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Case Note

Case Note: Tender Nodules on the Arms and Hands


A 48-year-old female, with past medical history notable for HIV infection, presents for management of slightly tender nodules on the arms and hands.

Initial evaluation

  • Healthy-appearing 48-year-old female presents for management of red-brown plaques and small tender nodules on the bilateral extensor arms and dorsal hands
  • Past medical history notable for HIV infection with history of oral candidiasis and pneumocystis pneumonia at CD4 nadir of 44
    • Now with CD4+ T-lymphocyte count of 267 on antiretroviral medications
  • Ocular exam is normal
  • Skin biopsy performed
    • Revealed sclerosis with plasma cells and foci of leucocytoclastic vasculitis
  • Image 1
    Image 1

Enter your diagnosis


  • A diagnosis of erythema elevatum diutinum (EED) is rendered

Initial Treatment

  • Treatment options discussed; patient opts for treatment to limit progression of new lesions
    • Dapsone 50 mg is prescribed
  • Pre-treatment lab work is ordered
    • Complete blood count with differential, glucose-6-phosphate dehydrogenase levels
  • Additional diagnostic evaluation performed to exclude other associations:
    • Hepatitis serologies, anti-streptolysin O (ASO) titer, treponemal titers, serum protein electrophoresis (to rule out paraproteinemia)
  • Follow up in 1 month

Follow-up evaluation strategy

1-month follow-up evaluation:

  • The skin lesions are much improved and the patient reports that there are fewer new lesions
  • Subsequent blood work remains normal - indicating that the medication is being tolerated
    • Due to the ongoing appearance of the few new lesions, dapsone dose is escalated to 100 mg/day
  • Follow up in 1 month

Subsequent follow-up evaluation:

  • Patient reports significant clinical improvement
    • No new lesions
  • Dapsone dose continued at 100 mg/day

Further recommendations:

  • Intralesional triamcinolone acetonide 2.5-5.0 mg/cc may be used if there are few lesions
  • Niacinamide, colchicine, hydroxychloroquine, clofazimine and cyclophosphamide may be helpful
    • Oral corticosteroids are typically not effective
  • In patients with celiac disease, a gluten-free diet may be useful
  • Intermittent plasma exchange has been successfully employed in patients with immunoglobulin A (IgA) paraproteinemia
  • Antiretroviral treatment will improve EED in a HIV/AIDS patient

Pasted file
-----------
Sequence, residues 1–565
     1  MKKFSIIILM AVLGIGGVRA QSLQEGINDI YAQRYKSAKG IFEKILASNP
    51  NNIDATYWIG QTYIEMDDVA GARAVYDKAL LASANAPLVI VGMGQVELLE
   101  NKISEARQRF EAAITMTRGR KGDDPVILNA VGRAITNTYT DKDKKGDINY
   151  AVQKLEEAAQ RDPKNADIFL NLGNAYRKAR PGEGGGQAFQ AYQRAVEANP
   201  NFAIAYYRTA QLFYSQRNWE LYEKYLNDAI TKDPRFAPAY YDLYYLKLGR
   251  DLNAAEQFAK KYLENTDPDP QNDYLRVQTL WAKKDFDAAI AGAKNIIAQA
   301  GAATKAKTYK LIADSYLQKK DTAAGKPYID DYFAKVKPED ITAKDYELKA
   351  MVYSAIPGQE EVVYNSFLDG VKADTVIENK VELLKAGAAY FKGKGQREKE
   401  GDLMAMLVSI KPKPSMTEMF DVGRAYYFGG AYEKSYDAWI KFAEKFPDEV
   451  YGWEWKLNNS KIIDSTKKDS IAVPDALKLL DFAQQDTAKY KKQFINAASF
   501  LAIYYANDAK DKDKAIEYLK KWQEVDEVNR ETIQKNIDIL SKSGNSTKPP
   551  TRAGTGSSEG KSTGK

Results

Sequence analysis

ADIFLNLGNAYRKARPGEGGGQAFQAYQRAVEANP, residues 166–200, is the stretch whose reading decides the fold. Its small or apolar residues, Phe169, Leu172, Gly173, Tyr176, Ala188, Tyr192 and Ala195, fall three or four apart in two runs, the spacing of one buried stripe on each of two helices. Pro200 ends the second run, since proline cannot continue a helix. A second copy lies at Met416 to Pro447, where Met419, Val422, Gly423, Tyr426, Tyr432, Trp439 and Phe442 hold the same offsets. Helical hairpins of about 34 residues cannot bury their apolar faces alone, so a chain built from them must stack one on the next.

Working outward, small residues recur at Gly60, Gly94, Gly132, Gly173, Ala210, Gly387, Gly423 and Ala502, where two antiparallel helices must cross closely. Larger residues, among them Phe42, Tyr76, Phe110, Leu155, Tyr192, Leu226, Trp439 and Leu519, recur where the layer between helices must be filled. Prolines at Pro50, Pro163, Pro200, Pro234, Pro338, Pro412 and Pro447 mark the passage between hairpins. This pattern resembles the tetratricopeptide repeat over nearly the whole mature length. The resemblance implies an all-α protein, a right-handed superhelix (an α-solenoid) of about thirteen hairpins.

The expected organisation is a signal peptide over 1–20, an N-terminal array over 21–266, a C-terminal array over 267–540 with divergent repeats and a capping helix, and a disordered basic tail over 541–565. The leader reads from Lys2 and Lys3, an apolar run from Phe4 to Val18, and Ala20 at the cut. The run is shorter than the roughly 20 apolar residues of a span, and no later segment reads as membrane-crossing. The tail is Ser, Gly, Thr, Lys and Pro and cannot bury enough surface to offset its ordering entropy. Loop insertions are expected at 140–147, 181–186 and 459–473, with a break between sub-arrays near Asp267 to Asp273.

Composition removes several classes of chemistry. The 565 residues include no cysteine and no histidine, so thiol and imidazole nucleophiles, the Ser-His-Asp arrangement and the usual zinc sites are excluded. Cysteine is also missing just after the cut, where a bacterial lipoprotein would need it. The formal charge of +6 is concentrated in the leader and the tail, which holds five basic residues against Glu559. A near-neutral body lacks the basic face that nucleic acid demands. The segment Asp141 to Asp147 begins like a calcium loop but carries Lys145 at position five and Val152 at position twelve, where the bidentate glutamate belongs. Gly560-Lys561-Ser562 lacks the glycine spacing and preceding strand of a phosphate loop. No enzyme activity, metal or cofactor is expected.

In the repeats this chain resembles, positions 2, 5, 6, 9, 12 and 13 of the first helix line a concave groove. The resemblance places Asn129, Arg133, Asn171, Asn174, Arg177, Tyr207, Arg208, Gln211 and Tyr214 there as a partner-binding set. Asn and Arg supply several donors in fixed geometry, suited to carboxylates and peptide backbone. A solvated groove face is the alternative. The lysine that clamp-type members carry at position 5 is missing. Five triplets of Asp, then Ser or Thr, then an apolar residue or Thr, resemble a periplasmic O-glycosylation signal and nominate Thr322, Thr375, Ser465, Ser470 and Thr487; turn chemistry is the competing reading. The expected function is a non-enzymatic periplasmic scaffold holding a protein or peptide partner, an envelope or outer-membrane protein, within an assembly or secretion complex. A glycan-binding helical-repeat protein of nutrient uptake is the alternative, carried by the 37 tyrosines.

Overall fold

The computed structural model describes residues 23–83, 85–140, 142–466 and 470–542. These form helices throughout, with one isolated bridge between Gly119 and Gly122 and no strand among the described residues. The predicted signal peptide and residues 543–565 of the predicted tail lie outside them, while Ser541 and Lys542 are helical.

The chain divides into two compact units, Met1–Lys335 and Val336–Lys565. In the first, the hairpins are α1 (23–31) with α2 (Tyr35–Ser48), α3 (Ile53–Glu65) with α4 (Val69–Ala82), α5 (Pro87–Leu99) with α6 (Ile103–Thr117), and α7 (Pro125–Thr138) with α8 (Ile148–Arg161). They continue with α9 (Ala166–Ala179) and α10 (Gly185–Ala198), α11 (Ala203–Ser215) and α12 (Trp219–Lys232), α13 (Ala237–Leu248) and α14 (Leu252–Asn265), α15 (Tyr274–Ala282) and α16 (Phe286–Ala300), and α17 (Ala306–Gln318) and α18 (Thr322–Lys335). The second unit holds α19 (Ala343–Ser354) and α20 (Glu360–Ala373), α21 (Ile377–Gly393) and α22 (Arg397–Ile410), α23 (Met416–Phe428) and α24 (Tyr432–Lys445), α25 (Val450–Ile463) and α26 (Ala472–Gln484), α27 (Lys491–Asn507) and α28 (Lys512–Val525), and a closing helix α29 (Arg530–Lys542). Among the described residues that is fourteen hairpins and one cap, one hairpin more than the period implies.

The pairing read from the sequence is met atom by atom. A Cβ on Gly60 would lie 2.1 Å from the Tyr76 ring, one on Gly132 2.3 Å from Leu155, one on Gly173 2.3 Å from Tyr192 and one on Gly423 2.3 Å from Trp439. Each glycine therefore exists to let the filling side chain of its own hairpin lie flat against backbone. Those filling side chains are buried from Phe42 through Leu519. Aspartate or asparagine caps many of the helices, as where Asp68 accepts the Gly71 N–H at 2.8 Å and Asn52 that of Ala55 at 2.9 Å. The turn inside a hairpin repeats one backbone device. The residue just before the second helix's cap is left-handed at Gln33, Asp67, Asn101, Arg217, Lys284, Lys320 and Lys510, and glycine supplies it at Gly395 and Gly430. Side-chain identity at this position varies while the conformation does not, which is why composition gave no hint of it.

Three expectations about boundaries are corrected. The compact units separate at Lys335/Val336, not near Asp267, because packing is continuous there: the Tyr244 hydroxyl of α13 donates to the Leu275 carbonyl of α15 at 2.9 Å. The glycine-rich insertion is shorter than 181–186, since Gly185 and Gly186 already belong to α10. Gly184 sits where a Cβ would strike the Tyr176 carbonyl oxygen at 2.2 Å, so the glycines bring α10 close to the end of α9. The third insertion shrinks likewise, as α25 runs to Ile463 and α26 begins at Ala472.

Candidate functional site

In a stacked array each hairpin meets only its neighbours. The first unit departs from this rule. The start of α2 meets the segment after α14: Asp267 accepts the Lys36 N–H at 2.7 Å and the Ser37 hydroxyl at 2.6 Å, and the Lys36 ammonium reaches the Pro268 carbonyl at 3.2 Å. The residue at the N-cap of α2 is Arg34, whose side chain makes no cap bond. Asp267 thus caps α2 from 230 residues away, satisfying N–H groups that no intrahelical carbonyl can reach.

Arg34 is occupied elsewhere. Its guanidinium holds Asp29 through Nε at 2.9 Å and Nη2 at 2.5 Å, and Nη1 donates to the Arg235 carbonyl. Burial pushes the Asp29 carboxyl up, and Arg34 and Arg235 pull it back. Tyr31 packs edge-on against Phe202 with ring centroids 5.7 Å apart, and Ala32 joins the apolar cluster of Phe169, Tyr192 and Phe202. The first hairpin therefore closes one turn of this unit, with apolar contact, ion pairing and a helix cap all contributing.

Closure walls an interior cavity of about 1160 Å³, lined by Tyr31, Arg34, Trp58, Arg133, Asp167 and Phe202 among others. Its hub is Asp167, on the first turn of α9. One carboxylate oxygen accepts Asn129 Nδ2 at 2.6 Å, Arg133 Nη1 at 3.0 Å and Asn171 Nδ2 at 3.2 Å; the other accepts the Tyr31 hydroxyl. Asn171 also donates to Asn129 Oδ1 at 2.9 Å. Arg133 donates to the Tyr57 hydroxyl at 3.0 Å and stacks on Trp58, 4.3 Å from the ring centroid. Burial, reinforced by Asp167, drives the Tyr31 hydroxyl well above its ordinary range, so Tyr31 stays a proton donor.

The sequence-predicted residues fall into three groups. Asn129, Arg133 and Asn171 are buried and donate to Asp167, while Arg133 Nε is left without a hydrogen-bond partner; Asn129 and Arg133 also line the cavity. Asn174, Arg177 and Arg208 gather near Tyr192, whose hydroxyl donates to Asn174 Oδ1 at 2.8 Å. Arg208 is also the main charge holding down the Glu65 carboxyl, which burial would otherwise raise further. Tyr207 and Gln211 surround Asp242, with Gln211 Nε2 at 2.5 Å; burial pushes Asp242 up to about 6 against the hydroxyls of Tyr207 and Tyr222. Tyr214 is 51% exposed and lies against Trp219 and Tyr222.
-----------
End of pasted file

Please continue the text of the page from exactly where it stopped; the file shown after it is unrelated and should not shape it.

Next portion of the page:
Subsequent treatment steps:

  • In patients failing to respond to low-dose dapsone, the dosage may be increased to a maximum of 200 mg/day
  • For patients intolerant of dapsone, or when dapsone is only partially effective, colchicine 0.6 mg one to four times daily may be considered
  • In dapsone-intolerant patients, sulfapyridine 500 mg, twice daily, with a maximum dose of 1 g three times daily can be used

General discussion

EED is rare and is thought of as a chronic, fibrosing vasculitis with firm, red-brown or violaceous, nodular lesions developing over joints of the elbows, knees, hands, and feet, often in a symmetric pattern. Though the etiology of the disease is not known, inflammation resulting from immune complex deposition is suspected. The diagnosis is made on the basis of clinical appearance and histopathologic findings.

EED has been associated with HIV/AIDS, hematologic disorders (IgA monoclonal gammopathy, multiple myeloma), celiac disease, Wegener's granulomatosis, connective tissue disorders (especially systemic lupus erythematosus), and recurrent streptococcal infections. In HIV/AIDS, nodules on the soles are characteristic. EED has been rarely associated with ocular complications, including peripheral ulcerative keratitis. It is a chronic condition with intermittent manifestations that may recur over the span of 10-25 years. The goal of treatment is to limit the development of new lesions, i.e., progression of disease.

Previously categorized as a neutrophilic dermatosis, current nomenclature classifies EED as a form of vasculitis. The biopsy of early lesions of EED may be indistinguishable from lesions of leukocytoclastic vasculitis: neutrophilic infiltration around vessels with neutrophilic 'dust' and fibrin clots within small vessels (specifically venules). Only after lesions have evolved over several weeks do characteristic histopathological features of EED become recognizable, including marked fibrosis. Once lesions are advanced with evidence of fibrosis, they may not be amenable to treatment with anti-inflammatory agents.

Further reading

Bachmeyer C, Aractingi S. Erythema elevatum diutinum associated with HIV. Lancet 1996;347:1041-2.

Gibson LE, El-Azhary RA. Erythema elevatum diutinum. Clinics Derm 2000;18:295-9.

Jiao T, Wang M, Zhu X. A case of erythema elevatum diutinum associated with peripheral ulcerative keratitis. Austr J Derm 2012;53:78-80.

Vaiyavatjamai P, Wattanakrai P. Erythema elevatum diutinum associated with peripheral ulcerative keratitis. JEADV 2011;25:734-46.


Disclaimer: The material above has been adapted from Therapeutic Strategies prepared by It has not been reviewed by the DermQuest Editorial Board for its accuracy or reliability. Reference to any products, service, or other information does not constitute or imply endorsement, sponsorship, or recommendation by members of the Editorial Board.